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The Day Frida Kahlo Went From A Communist Artist To A Multimillion Dollar Corporation

Por: Maria Suarez 11 de septiembre de 2017

You’ve probably seen the t-shirts, the travel mugs, the shoes, the sheet sets, or even the bottles of booze. Lately, it seems that everywhere you turn, you’re sure to find the image of famous painter Frida Kahlo staring back at you. Okay, maybe not lately, but in the last decade commercial interest in the artist has gone from slight amusement and curiosity to a global movement that nobody seems to understand. The woman who barely reached critical and public acclaim in her lifetime, and was overshadowed by her husband’s fame, is now an icon. Celebrities dress up as her, even painting thickened eyebrows on their faces. The most sought-after haute couture designers create runway designs inspired by her own personal style. Hundreds of thousands of visitors walk through the museum of her home in Mexico City each year. And yet, I can’t help but wonder if Frida would actually be okay with any of this.

Frida became the legend she is because she was so against the grain of how women were supposed to look, act, and behave. She transgressed against the established norms of her time. However, if we see her through the eyes of our twenty-first century reality, we’re only able to grasp her style as a statement outfit. We’re unable to perceive that for the artist to stay true to herself, as a bisexual androgynous woman, her only choice was to be an outcast.

Our current generation also loves to dwell on the fact that Frida was a hard drinker, but we conveniently forget that this was due to being in constant pain. The accident that changed her life forever has also been diminished because we cannot fathom the staggering amount of pain and discomfort she endured in her lifetime. We’ve also revised her history by talking about her multiple miscarriages rather than admitting that most likely these pregnancies were terminated, since she wouldn’t have survived carrying them to term.

So we’re left with a manicured version of the artist. An easy to swallow personality and story that doesn’t conflict with our vision of the world. This idealized Frida is also easier to market. You have a rebel without the parts that don’t match your world view. It’s like having the counterculture without having to actually make tough statements and choices. It’s a win-win situation, because you feel better about yourself not going the extra mile for your beliefs while still believing yourself to be a force for good.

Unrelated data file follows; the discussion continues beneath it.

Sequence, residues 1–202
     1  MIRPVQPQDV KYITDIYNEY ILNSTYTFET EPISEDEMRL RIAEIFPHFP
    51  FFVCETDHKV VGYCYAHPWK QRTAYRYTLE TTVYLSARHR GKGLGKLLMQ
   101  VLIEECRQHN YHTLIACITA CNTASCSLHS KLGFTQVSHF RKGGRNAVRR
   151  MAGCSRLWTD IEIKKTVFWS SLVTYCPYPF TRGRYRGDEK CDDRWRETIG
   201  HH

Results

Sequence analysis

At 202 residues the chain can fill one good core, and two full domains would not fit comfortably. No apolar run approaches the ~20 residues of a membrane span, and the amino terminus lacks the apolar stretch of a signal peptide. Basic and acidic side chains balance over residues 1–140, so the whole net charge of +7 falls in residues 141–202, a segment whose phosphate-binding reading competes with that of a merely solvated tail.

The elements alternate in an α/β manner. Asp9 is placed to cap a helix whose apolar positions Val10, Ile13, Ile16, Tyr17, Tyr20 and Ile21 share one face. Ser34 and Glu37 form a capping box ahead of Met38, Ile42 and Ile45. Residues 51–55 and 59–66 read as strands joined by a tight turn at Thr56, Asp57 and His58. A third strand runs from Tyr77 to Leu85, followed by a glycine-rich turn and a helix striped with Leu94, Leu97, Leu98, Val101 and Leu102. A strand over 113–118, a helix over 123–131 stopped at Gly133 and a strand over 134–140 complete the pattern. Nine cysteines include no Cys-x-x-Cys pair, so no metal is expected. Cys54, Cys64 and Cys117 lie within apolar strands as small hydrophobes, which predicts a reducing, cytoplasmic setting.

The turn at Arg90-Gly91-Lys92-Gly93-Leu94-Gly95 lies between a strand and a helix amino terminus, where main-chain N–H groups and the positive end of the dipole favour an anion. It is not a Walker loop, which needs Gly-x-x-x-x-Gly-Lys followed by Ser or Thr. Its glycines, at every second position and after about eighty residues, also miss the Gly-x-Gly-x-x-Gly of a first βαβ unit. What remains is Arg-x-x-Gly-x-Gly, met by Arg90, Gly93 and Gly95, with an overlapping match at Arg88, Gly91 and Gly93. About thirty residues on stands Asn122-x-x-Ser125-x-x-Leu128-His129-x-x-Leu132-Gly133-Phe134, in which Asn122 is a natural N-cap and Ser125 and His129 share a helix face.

Within this marketing scheme there is legal battle that’s been brewing since 2005 who is the actual heir to the Frida Kahlo empire. This began when two different groups arose claiming to be the rightful owners to the right to reproduce and commercialize the artist’s image. One is called the Frida Kahlo Corporation, which is based in the US. The other is Frikahlo de Mexico S.A. de C.V. (another corporation but based in Mexico). Both parties claim to be the closest remaining relatives of the painter, as well as they believe they should be the sole owners of the copyright of the artist’s image.

However, upon taking a closer look, you’ll find that, while both parties are actual distant relatives of the Mexican painter, they are not the rightful heirs to her art and image. In 1955 Kahlo’s husband, Diego Rivera, set up a trust with the Bank of Mexico so that Frida’s house, the copyright to the bodies of work of the both of them, the couple’s collection of pre-Columbian art, as well as the Anahuacalli Museum, would become heritage for the Mexican people. This was done with the intention that the art would be properly cared for and preserved.

But let’s focus on this point. The fact that this was done goes back to who Frida and Diego really were. Both artists were outspoken in their views against capitalism and traditional societal standards of the time. Frida herself was an outsider in Mexican society due to her nonconformist perspectives. She was a communist who would not have been okay with her face being used to sell alcohol, makeup, or even housewares.

It’s also very conveniently revisionist to use Frida as a symbol of individuality by people who would not have accepted her if they’d known her. Her brows were not a fashion statement. They were an anti-statement. Instead of accepting the European heteronormative feminine ideal, she wore traditional Oaxacan clothing when she wasn’t using more androgynous options. The style so many admire is actually a middle finger to the concepts of beauty. The fact that people are now trying to make a buck out of her counterculture nature is both hypocritical and condescending.

So, next time you see a product with Frida’s face or artwork on it, consider who you are actually helping. If you’re interested in supporting artists, see them for who they are, rather than who you’d like them to be. You don’t have to believe in the same things as they do to appreciate their work. You just need to respect them as people who have their own history and perceptions.

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